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Kingston Mill, Stockport: Wikis


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Coordinates: 53°24′31″N 2°10′11″W / 53.4087°N -2.1696°E / 53.4087; -2.1696

Kingston Mill, Stockport 0004.png
Kingston Mill, Stockport is located in Greater Manchester
Shown within Greater Manchester
Spinning (ring mill in 1951)
Location Chestergate, Stockport
Lucas Micholls, and Co
Further ownership Lancashire Cotton Corporation (1930s)
Courtaulds (1964)
Coordinates 53°24′31″N 2°10′11″W / 53.4087°N -2.1696°E / 53.4087; -2.1696
Built before 1891
[1] [2]

Kingston Mill, Stockport is a mid nineteenth century cotton spinning mill in Edgeley, Stockport, Greater Manchester. It was taken over by the Lancashire Cotton Corporation in the 1930's and passed to Courtaulds in 1964. Production finished, it was made over to multiple uses.



Stockport is a large town in Greater Manchester, England. It lies on elevated ground on the River Mersey at the confluence of the rivers Goyt and Tame, 6.1 miles (9.8 km) southeast of the city of Manchester. Stockport is the largest settlement of the Metropolitan Borough of Stockport, and has a population of 136,082, the wider borough having 281,000.

Historically a part of Cheshire, Stockport in the 16th century was a small town entirely on the southbank of the Mersey, and known for the cultivation of hemp and rope manufacture and in the 18th century the town had one of the first mechanised silk factories in the United Kingdom. However, Stockport's predominant industries of the 19th century were the cotton and allied industries. Chestergate was the main east west road following the south bank of the Mersey, leading not surprisingly to Chester. Kingston Mill was about 500m east of Mersey Square.


Stockport was influential in the early stages of the industrial revolution. From 1780 it was a centre of the water powered industry. From 1790 Stockport mills pioneered the use of steam. By 1800, Stockport exceeded Chester in size. The firm of Peter Marsland had became the largest cotton spinner in the region having 87,172 spindles- more than McConnel and Kennedy, Ancoats and Murrays' Mills in Ancoats. It was Stockport that pioneered the steam driven power loom. Then in 1830, the growth stalled, there were a series of strikes in 1802, 1829, and 1844. [3] Significant mills, at this time were the Oldknow Mills, Hillgate, Orrells Mill in Heaton Norris and Houldsworth Mill, Reddish. Kingston mill was built at this time on Chestergate. In the final revival, after the cotton famine when private owners refinanced themselves buy the means of joint-stock company flotations, Stockport built two of the industries largest mills Broadstone No.2 Mill with 138,000 mule spindles, and the Stockport Ring Mill No. 2with 72,000 ring spindles.[4]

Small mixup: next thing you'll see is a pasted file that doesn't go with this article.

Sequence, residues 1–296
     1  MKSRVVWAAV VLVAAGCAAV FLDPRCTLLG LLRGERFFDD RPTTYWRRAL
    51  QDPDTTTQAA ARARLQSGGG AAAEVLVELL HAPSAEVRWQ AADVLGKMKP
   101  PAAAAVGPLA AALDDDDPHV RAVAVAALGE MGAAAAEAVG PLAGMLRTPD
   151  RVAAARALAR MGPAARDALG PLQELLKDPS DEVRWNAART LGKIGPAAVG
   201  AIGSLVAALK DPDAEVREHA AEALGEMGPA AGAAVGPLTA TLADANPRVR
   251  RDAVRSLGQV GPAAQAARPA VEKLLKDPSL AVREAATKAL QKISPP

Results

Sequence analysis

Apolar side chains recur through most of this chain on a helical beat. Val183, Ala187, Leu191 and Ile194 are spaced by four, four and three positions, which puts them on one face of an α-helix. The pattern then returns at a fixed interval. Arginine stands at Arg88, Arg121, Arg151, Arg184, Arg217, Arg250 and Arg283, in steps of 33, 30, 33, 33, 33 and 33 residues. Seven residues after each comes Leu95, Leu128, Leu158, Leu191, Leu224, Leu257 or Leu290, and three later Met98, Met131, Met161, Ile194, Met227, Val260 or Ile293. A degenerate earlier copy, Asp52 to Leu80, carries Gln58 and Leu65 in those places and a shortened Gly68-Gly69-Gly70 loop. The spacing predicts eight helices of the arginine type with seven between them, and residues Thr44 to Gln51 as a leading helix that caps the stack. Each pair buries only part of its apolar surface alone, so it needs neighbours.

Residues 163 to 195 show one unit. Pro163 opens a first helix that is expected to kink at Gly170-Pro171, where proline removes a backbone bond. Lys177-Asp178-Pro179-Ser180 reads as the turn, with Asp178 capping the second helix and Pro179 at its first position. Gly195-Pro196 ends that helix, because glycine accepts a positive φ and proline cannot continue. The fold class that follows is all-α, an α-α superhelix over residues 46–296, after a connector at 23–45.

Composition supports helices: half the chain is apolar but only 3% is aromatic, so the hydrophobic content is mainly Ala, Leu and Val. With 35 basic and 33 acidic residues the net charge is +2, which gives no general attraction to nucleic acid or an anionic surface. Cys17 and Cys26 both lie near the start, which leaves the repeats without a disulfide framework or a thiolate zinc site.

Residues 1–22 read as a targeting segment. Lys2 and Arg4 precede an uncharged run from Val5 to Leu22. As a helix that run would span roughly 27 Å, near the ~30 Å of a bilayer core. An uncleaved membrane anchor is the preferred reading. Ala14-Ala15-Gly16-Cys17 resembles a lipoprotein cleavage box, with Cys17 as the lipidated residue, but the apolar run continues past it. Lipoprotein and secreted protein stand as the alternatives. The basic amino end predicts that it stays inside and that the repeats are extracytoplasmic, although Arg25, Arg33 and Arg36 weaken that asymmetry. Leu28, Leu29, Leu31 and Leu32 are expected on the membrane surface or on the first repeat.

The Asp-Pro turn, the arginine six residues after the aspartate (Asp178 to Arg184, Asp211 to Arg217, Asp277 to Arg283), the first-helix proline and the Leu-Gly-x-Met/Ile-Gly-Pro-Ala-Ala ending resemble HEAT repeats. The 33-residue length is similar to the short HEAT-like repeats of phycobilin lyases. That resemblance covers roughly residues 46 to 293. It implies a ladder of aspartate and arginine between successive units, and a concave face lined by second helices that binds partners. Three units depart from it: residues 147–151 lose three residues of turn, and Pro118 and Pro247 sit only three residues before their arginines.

In 1901 there was a fire at Kingston Mill. As a result there was an universal adoption of sprinkler systems. These were fed by water from the water tower, and a supplementary tank on the roof.

The industry peaked in 1912 when it produced 8 billion yards of cloth. The great war of 1914- 1918 halted the supply of raw cotton, and the British government encouraged its colonys to build mills to spin and weave cotton. The war over, Lancashire never regained its markets. The independant mills were struggling. The Bank of England set up the Lancashire Cotton Corporation in 1929 to attempt to rationalise and save the industry. [5] Kingston Mill, Stockport was one of 104 mills bought by the LCC, and one of the 53 mills that survived through to 1950. In 2010, Kingston Mill still stands and it is in multiple industrial use.


A mid nineteenth century mill


In 1891,Kingston Mill,had 33,460 spindles, 38/458. In 1951 it was producing coarser ring spun yarns from 10's to 24's



  • Lucas Micholls, and Co,(1891)
  • Lancashire Cotton Corporation (1930's-1964)
  • Courtaulds (1964-


Notable events/media

See also




External links


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